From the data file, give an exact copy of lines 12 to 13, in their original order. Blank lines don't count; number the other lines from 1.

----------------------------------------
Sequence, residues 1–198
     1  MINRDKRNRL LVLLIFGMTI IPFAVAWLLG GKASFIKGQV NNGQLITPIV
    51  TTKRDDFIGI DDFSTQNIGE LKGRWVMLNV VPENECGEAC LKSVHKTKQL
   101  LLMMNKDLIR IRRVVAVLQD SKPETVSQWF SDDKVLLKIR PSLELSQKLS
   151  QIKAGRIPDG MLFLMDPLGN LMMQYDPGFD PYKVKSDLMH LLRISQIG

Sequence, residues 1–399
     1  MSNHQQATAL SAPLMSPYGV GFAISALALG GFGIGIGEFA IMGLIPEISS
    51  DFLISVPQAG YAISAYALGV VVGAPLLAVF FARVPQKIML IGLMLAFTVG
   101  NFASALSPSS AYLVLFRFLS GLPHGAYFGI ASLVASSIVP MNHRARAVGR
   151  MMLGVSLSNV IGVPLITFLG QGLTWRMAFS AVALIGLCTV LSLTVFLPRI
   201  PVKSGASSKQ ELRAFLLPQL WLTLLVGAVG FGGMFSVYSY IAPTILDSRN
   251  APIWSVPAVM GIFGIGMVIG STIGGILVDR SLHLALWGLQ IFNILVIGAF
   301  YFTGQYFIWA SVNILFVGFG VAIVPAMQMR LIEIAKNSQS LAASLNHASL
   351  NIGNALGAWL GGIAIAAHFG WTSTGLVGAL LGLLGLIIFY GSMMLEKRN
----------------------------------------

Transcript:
   251  APIWSVPAVM GIFGIGMVIG STIGGILVDR SLHLALWGLQ IFNILVIGAF
   301  YFTGQYFIWA SVNILFVGFG VAIVPAMQMR LIEIAKNSQS LAASLNHASL